Wholly Owned Subsidiary

AAA

DEFINITION of 'Wholly Owned Subsidiary'

A company whose common stock is 100% owned by another company, called the parent company. A company can become a wholly owned subsidiary through acquisition by the parent company or spin off from the parent company. In contrast, a regular subsidiary is 51 to 99% owned by the parent company. One situation in which a parent company might find it helpful to establish a subsidiary company is if it wants to operate in a foreign market. This arrangement is common among high-tech companies who want to retain complete control and ownership of their technology.

INVESTOPEDIA EXPLAINS 'Wholly Owned Subsidiary'

Wholly owned subsidiaries allow the parent company to retain the greatest amount of control, but also leave the parent with all the costs and risks of full ownership. When a lesser number of costs and risks are desirable, or when it is not possible to obtain complete or majority control, the parent company might introduce an affiliate, associate or associate company in which it would own a minority stake.

RELATED TERMS
  1. Acquisition

    A corporate action in which a company buys most, if not all, ...
  2. Takeover

    A corporate action where an acquiring company makes a bid for ...
  3. Loss Disallowance Rule - LDR

    An Internal Revenue Service rule implemented in 1991 to prevent ...
  4. Hostile Takeover

    The acquisition of one company (called the target company) by ...
  5. Subsidiary

    A company whose voting stock is more than 50% controlled by another ...
  6. Merger

    The combining of two or more companies, generally by offering ...
RELATED FAQS
  1. How can an individual investor get involved in FDIs (foreign direct investments) ...

    Learn about what economists call foreign direct investment, and find out why individual investors may find it difficult to ...
  2. What are the differences between affiliate, associate and subsidiary companies?

    All three of these terms refer to the degree of ownership that a parent company holds in another company. In most cases, ...
Related Articles
  1. Fundamental Analysis

    Mergers And Acquisitions: Understanding Takeovers

    In the dramatic world of M&As, battleground terms meld with bizarre metaphors to form the language of the game.
  2. Options & Futures

    The Basics Of Mergers And Acquisitions

    Learn what corporate restructuring is, why companies do it and why it sometimes doesn't work.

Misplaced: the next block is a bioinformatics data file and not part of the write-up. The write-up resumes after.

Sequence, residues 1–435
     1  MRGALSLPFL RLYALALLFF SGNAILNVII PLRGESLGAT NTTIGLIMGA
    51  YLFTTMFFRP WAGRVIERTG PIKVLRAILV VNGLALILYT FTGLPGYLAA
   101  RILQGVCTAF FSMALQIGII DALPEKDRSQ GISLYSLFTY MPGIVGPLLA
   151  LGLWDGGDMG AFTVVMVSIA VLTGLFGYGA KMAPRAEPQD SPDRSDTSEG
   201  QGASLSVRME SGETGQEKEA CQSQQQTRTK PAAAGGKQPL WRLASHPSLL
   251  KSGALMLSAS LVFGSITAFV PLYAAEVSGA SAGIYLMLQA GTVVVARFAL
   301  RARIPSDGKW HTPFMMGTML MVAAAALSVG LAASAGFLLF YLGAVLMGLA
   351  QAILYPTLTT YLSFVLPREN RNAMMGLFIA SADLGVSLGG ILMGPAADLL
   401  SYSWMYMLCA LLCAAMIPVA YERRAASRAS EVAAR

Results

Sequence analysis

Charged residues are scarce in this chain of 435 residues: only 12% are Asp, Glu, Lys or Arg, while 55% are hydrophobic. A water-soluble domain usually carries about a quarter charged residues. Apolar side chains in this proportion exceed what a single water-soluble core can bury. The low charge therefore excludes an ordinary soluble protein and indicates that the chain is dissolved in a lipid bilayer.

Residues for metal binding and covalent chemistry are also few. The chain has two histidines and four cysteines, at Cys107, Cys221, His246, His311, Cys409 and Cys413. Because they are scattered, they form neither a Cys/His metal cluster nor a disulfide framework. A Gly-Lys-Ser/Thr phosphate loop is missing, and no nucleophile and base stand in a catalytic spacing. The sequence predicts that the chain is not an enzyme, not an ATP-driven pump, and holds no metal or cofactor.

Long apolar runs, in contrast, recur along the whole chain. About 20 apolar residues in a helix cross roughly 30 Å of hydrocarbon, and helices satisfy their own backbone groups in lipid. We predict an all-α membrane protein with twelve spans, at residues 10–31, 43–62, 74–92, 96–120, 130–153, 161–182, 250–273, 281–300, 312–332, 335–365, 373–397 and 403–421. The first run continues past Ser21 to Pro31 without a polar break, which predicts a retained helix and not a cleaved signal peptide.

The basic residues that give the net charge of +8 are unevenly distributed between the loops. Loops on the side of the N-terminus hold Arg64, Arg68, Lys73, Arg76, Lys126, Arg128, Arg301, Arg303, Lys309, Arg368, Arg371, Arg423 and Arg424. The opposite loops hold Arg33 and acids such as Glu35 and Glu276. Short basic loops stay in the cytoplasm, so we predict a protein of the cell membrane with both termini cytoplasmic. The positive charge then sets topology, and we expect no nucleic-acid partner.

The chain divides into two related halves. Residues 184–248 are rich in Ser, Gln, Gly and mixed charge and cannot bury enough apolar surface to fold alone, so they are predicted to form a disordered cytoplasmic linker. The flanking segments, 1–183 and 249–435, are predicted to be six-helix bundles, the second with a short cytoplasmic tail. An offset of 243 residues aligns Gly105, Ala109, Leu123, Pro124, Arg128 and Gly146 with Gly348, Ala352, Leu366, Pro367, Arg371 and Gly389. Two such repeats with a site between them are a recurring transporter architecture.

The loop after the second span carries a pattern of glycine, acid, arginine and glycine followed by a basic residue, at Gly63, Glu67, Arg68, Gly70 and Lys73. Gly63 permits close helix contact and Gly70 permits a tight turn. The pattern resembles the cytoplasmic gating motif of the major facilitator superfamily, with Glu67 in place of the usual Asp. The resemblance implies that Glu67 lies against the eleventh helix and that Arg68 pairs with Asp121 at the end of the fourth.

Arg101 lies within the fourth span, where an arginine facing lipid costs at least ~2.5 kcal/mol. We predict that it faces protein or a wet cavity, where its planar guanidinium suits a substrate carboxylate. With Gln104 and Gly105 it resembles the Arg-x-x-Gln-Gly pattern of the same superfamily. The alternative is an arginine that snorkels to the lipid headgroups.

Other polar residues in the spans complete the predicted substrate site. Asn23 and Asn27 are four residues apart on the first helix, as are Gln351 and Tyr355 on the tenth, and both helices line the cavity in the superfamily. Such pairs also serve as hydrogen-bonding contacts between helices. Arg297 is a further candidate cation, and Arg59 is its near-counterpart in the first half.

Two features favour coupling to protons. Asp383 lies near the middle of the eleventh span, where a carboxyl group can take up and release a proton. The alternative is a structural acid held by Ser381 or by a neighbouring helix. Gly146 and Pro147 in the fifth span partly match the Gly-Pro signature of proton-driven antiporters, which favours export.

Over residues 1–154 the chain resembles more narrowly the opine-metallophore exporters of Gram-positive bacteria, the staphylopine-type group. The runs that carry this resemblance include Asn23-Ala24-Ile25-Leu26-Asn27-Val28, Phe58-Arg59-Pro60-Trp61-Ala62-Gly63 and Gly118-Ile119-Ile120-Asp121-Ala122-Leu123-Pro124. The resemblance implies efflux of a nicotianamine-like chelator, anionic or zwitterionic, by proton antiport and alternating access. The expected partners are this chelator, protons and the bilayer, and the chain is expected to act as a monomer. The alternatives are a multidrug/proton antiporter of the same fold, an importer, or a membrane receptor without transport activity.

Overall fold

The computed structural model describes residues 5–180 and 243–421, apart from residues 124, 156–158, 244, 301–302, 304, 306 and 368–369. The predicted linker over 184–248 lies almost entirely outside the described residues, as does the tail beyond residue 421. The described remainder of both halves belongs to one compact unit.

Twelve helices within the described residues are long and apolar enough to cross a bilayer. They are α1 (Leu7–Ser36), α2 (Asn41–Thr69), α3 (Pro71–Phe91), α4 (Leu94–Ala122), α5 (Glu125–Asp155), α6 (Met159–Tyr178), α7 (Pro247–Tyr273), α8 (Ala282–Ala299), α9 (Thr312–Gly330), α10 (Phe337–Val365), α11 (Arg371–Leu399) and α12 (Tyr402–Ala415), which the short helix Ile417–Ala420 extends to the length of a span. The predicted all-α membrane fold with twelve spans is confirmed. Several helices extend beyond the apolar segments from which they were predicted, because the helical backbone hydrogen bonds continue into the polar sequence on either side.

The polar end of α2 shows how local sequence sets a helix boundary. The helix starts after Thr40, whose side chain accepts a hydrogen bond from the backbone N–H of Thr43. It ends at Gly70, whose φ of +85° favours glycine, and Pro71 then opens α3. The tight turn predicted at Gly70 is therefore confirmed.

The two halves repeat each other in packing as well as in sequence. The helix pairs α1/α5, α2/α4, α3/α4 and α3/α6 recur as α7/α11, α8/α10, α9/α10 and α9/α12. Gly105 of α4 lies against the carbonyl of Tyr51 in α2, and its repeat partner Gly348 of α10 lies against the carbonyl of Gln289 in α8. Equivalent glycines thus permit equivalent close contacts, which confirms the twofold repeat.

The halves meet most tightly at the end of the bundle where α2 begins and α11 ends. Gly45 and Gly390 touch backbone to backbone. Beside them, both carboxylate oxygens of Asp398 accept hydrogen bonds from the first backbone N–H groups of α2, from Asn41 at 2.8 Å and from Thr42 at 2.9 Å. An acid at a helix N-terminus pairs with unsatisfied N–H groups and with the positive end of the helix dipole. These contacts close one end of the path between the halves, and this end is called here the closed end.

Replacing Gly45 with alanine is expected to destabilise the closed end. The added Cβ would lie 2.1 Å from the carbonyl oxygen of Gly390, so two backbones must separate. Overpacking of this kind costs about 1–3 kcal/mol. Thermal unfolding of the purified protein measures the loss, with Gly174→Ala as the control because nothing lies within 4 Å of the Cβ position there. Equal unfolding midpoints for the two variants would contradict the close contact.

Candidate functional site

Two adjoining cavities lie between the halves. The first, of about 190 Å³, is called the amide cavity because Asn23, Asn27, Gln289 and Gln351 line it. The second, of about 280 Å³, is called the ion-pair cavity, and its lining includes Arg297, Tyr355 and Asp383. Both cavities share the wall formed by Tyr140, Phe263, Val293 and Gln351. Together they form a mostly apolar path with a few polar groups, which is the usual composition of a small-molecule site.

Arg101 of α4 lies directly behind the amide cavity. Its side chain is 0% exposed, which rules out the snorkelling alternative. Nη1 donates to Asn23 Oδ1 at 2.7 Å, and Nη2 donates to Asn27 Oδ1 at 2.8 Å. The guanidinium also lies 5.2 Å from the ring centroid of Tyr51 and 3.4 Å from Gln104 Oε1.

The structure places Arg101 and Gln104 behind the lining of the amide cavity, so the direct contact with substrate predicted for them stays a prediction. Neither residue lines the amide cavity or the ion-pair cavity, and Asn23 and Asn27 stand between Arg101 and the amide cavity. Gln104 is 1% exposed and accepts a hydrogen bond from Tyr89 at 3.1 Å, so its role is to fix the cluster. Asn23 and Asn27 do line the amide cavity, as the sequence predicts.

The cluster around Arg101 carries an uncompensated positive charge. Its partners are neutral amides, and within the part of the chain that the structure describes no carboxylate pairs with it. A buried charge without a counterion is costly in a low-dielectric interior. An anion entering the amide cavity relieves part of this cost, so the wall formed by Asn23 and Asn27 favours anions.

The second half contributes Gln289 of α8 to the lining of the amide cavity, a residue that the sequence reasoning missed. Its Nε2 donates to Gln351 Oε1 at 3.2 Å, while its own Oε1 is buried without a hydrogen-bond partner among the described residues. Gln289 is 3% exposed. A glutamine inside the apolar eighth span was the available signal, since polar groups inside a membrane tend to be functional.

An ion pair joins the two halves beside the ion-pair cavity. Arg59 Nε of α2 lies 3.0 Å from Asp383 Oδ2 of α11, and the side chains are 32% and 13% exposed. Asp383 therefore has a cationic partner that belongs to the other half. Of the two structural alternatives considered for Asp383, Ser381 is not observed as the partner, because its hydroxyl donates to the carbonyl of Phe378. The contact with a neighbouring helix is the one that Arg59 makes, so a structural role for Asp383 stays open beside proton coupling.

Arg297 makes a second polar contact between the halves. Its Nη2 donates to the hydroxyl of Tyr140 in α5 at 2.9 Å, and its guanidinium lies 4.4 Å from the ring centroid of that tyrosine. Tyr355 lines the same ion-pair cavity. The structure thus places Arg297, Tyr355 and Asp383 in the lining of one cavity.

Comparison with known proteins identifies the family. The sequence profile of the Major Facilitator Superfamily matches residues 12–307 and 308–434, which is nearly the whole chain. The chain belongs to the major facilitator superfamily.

3. Trading Strategies

    General Electric: Good News/Bad News

    General Electric is generous to its shareholders, but that's not the only factor to consider.
  4. Stock Analysis

    A United Technologies Product: Always Closeby

    If you flown in an airplane, shopped for food or sat comfortably in a hot climate, you've probably used a United Technologies product.
  5. Stock Analysis

    How Warren Buffett made Berkshire Hathaway a World-beater

    It would almost be easier to list the industry sectors in which Omaha-based Berkshire Hathaway Inc. (NYSE:BRK.A) doesn’t turn gargantuan profits.
  6. Fundamental Analysis

    Understanding Leveraged Buyouts

    LBOs are often presented as predatory by the media, but it really depends on which side of the deal you're on.
  7. Chart Advisor

    How To Invest In Corporate Spin-offs

    In many cases, a spin-off is a win-win for the companies involved. But how can traders cash in on the corporate gerrymandering?
  8. Investing News

    This Company Is No Mickey Mouse Operation

    With its famous history that's become part of popular culture, and the instantly recognizable silhouette in its logo, The Walt Disney Co. is only an animation studio in the same way that Johnson ...
  9. Chart Advisor

    This ETF Will Deliver Upside With Downside Protection

    With markets near all-time highs as naysayers warn of a coming correction, how can you stick around for more gains and still limit downside risk? The answer could be industrials.
  10. Investing News

    What Will Become of Berkshire Hathaway Beyond Buffett?

    Warren Buffett, who has become almost synonymous with the term “investor,” remains robust, but at 83 is clearly somewhere in the fourth quarter of the game. What does that mean for Berkshire ...

You May Also Like

Hot Definitions
  1. Sunk Cost

    A cost that has already been incurred and thus cannot be recovered. A sunk cost differs from other, future costs that a business ...
  2. Technical Skills

    1. The knowledge and abilities needed to accomplish mathematical, engineering, scientific or computer-related duties, as ...
  3. Prepaid Expense

    A type of asset that arises on a balance sheet as a result of business making payments for goods and services to be received ...
  4. Gordon Growth Model

    A model for determining the intrinsic value of a stock, based on a future series of dividends that grow at a constant rate. ...
  5. Cost Accounting

    A type of accounting process that aims to capture a company's costs of production by assessing the input costs of each step ...
  6. Law Of Supply

    A microeconomic law stating that, all other factors being equal, as the price of a good or service increases, the quantity ...
Trading Center